Ideas to Action:

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Views from the Center

CGD experts offer ideas and analysis to improve international development policy. Also check out our Global Health blog and US Development Policy blog.

 

Abstract image of a network, with two sides joining together

Governing Data for Development: Where Are We Now?

The COVID-19 pandemic has thrust digital issues into the spotlight by highlighting the importance of government access to accurate and timely information for public health surveillance and accelerating the shift towards a digital-first approach in many countries, due to the need to provide services at a distance. It has also brought to the forefront difficult questions about the limits that should be placed on governments and companies that seek to use potentially sensitive data to monitor the spread of disease and target public health efforts.

Screenshot of a video from the event Data as a Development Issue

Reconciling Calls for “More and Better Data” with “Responsible Data Use”

The “more and better data” movement is based on the premise that well-intentioned governments can better serve the poor and vulnerable if they have basic information about them. Until recently, this notion would have seemed uncontroversial. But growing concern about the risks created by the misuse of data—particularly personal data—has led to a shift in attitudes in the development community.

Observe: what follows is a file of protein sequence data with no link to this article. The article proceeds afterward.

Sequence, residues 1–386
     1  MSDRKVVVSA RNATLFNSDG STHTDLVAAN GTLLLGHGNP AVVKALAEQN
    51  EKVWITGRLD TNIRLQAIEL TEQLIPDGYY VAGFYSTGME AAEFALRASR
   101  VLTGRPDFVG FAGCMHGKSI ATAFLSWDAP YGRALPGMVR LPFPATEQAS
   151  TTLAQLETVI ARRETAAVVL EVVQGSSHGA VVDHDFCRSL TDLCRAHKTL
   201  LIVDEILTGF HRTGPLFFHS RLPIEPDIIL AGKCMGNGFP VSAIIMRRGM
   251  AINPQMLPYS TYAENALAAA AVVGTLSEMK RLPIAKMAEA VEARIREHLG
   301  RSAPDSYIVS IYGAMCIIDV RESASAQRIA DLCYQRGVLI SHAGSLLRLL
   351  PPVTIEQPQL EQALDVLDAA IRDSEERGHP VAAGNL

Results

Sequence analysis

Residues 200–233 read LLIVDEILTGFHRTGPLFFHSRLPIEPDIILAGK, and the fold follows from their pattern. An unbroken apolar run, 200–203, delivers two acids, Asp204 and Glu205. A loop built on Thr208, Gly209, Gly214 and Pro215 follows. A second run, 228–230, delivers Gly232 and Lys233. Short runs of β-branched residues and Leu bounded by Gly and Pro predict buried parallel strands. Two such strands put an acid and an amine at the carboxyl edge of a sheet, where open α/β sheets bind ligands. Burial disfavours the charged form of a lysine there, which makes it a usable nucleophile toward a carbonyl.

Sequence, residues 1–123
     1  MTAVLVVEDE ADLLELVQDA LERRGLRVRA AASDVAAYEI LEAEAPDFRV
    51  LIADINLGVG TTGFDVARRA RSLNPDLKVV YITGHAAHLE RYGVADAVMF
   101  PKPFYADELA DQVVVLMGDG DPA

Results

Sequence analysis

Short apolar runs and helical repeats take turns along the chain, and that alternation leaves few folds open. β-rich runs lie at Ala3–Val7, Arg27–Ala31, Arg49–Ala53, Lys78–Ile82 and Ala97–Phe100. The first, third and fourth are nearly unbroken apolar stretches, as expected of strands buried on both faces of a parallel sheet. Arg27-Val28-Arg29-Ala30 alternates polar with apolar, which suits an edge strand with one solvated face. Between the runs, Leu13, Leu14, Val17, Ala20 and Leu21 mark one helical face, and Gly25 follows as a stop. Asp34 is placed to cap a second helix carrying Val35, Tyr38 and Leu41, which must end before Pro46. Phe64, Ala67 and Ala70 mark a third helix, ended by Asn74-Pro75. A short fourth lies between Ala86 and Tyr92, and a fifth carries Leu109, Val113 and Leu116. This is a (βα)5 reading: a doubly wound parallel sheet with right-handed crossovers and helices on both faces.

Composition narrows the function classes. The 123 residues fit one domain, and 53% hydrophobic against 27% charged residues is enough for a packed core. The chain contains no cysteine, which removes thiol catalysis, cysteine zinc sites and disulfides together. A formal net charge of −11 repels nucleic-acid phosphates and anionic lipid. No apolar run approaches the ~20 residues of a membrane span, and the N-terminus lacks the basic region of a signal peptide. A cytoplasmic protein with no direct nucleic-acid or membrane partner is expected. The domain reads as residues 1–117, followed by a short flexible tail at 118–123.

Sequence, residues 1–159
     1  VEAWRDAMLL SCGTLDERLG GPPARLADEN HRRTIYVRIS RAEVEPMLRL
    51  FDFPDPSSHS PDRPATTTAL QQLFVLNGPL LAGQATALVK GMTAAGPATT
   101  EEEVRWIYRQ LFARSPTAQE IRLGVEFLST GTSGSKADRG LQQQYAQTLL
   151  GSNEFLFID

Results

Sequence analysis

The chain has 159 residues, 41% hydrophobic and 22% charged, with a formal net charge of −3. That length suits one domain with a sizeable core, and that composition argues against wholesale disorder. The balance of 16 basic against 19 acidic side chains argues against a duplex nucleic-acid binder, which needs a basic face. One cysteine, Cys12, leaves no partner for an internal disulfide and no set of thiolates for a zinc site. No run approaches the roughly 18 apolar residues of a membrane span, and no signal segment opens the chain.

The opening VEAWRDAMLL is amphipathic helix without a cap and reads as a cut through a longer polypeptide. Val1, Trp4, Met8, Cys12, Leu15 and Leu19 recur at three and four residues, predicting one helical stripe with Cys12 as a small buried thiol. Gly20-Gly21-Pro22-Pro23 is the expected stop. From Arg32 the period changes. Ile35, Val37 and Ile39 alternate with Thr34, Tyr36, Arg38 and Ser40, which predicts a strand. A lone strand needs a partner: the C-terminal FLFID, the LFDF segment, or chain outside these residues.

Identification programs in high-income countries and others, compared

Overcoming the “Know Your Customer” Hurdle with E-KYC

In our recent paper published by GSMA, we examined two approaches to conducting customer identification, verification, and due diligence (collectively referred to as “know your customer” or KYC) that make it easier for financial service providers to take on new customers: tiered KYC and electronic KYC (e-KYC). Of the two, e-KYC is the more promising long-term approach, but also the more challenging to implement.

Initial Coin Offering (ICO) Mania and Its Implications for Technology-Led Social Enterprise

One of the bubblier aspects of the recent enthusiasm for all things blockchain has been the rise in popularity of initial coin offerings (ICOs), also known as token sales. By design, the acronym calls to mind the more traditional fundraising model of initial public offerings (IPOs), in which companies sell equity stakes to investors. With ICOs however, companies use blockchain technology to issue digital assets (usually referred to as tokens or coins) to investors rather than equity stakes. Another key difference—at least for the time being—is that ICOs are virtually unregulated. In fact, many of the advantages ICOs have over more traditional fundraising platforms derive from their unregulated status.

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